Ranked Choice Voting

Americans are mostly in two camps – Democrats and Republicans.  They’re our teams.  Our tribes.  But what if we had more choices?  In the 2016 Presidential election, the main two candidates between which voters could choose were Trump and Clinton (we know which parties they belong to).  But there were a lot of other candidates on the ballots across the country.  And there were three other major political movements on the ballots in all, or almost all, states – Libertarian Party, Green Party, and Constitution Party.

What if we had ranked choice voting?  For terms of the really close elections in 2016 and 2000, maybe we end up with a President Gore or a second President Clinton?  Maybe, although I don’t think it’s certain.  I’ll leave that question to the people who do the math on these things.

But consider, instead, the possibility that voters could feel free to support a political party more closely in line with their policy preferences.  Since I’m more on the liberal side, I could easily not have the Democratic candidate as my first choice, but maybe Hillary ends up my second choice.  In 2016, I probably would’ve voted for Hillary first, because the only other viable option for me would’ve been the Greens and Jill Stein was a terrible candidate.  But in a world where ranked choice is a thing in all 50 states, I assume the Greens would attract better candidates than the Jill Steins of the world.  And, perhaps, there would be even more political parties to choose from.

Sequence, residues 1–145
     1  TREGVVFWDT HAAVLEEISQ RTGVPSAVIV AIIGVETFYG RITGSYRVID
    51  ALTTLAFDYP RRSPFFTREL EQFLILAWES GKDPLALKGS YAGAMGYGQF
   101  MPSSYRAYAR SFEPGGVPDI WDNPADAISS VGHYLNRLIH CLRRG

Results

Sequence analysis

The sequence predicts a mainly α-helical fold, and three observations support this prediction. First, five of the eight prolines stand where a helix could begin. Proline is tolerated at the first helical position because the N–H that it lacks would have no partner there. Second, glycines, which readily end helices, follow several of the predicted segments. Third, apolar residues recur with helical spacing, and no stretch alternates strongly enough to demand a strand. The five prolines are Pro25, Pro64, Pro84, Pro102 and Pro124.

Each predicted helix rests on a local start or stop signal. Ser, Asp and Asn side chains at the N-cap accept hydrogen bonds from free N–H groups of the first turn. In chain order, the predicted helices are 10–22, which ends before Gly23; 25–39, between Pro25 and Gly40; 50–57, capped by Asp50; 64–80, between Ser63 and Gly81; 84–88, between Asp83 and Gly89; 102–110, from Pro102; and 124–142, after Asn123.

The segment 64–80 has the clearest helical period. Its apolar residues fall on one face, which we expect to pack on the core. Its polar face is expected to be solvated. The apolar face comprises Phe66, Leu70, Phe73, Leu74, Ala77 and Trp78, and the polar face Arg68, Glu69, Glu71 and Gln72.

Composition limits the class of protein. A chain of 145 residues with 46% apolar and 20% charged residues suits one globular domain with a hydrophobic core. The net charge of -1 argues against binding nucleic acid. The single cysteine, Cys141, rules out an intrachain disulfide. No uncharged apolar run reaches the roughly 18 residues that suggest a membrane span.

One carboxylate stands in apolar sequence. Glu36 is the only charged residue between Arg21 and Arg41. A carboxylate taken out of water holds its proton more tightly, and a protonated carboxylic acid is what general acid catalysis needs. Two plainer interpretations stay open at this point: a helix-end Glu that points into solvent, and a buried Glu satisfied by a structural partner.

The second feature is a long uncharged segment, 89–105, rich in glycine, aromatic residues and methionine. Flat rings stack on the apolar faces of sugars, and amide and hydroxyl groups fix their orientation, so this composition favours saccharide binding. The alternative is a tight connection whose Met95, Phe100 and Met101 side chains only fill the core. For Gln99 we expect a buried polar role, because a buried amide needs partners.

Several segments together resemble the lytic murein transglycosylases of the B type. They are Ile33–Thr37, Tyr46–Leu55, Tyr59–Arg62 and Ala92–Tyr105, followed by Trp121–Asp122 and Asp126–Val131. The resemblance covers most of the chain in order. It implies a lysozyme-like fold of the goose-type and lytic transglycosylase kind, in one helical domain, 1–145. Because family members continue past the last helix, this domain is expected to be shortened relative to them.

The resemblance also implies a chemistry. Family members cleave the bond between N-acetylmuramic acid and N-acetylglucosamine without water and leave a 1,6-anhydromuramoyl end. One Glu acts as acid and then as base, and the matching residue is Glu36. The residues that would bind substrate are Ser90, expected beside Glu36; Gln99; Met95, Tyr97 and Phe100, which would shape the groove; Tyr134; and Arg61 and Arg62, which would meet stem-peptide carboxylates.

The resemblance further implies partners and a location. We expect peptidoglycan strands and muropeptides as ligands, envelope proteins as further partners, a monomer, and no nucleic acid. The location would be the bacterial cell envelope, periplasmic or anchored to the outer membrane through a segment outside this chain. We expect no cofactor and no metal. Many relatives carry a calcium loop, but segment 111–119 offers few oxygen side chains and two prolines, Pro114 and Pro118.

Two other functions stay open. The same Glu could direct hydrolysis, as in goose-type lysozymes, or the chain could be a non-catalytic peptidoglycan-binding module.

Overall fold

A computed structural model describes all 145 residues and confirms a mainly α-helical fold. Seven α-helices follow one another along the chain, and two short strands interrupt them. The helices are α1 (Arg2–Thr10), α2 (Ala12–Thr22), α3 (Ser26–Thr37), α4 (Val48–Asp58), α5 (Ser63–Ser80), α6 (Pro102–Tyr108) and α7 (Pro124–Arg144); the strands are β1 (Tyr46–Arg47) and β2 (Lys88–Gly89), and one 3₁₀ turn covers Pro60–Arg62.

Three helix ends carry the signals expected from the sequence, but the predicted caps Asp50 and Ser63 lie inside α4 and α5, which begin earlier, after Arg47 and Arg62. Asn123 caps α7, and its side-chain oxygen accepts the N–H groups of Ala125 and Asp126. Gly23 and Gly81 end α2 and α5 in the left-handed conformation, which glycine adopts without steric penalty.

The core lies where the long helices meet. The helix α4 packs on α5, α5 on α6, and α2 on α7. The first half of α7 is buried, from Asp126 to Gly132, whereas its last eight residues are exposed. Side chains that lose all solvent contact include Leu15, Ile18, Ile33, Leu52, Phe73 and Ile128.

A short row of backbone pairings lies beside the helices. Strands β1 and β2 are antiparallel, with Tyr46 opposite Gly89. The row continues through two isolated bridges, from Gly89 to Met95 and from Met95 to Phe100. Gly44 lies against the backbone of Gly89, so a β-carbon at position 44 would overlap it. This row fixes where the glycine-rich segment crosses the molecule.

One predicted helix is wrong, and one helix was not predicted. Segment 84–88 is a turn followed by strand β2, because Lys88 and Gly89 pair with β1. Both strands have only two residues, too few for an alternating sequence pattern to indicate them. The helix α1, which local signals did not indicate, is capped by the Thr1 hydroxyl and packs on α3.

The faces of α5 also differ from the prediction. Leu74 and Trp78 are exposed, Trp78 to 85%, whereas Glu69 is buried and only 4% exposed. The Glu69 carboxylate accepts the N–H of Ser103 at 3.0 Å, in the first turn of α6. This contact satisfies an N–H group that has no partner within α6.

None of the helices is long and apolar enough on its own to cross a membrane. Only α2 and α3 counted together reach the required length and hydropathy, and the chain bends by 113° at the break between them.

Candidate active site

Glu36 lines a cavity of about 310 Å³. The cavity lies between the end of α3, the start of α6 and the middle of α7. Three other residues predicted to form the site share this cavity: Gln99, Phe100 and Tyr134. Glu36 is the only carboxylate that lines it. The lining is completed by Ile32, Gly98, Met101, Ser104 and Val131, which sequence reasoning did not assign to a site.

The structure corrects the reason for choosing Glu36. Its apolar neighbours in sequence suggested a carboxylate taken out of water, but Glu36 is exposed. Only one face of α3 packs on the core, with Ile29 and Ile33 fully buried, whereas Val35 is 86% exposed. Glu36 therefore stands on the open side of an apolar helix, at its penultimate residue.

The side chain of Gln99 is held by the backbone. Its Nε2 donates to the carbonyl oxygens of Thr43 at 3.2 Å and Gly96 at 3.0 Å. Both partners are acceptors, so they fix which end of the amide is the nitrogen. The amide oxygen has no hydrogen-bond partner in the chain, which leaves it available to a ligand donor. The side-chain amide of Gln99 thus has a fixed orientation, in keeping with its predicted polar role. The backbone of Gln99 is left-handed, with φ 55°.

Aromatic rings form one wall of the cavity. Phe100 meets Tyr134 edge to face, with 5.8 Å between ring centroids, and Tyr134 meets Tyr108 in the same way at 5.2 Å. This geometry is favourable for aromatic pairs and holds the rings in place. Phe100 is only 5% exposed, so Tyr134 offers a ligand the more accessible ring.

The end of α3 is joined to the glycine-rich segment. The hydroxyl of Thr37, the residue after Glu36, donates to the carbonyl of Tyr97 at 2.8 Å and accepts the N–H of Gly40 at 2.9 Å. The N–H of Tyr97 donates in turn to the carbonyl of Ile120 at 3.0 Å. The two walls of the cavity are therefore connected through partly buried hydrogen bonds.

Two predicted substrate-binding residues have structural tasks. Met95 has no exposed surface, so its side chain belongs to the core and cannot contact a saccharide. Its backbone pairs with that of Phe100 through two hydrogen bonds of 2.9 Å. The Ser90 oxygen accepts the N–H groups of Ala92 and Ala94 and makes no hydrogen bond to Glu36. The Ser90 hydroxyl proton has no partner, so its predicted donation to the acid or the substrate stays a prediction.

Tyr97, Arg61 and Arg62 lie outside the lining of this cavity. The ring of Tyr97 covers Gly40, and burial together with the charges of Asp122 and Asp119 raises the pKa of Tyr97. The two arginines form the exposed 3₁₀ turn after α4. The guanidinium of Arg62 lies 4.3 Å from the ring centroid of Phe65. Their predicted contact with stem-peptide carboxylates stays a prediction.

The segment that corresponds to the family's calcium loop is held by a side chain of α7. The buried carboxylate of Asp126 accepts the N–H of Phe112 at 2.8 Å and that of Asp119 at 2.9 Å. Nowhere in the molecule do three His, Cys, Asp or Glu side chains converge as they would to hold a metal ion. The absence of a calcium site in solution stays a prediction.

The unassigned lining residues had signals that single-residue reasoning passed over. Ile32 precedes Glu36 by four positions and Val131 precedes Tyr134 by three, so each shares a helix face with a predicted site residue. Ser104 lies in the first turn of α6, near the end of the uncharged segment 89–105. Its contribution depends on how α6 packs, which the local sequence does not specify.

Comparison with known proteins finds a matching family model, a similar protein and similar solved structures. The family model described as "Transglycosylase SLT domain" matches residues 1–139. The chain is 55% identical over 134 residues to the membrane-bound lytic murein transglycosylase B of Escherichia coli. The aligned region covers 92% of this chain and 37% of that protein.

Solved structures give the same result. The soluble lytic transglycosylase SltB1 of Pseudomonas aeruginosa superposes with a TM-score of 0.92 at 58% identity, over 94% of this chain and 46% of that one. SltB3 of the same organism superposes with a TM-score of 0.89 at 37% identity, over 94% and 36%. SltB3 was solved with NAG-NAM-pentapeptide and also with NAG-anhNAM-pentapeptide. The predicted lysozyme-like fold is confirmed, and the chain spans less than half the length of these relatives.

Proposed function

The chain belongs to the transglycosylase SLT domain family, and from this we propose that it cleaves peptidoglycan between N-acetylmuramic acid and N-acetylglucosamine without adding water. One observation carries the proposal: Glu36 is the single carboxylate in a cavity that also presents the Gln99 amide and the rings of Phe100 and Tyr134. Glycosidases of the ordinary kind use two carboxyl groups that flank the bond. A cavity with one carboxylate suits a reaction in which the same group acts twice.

Does a world with many more political parties make things more fractured?  Who knows?  But, I’m anxious to see if Ranked Choice can catch on beyond the few jurisdictions where it’s used and, if so, how does it expand the field of options for voters.

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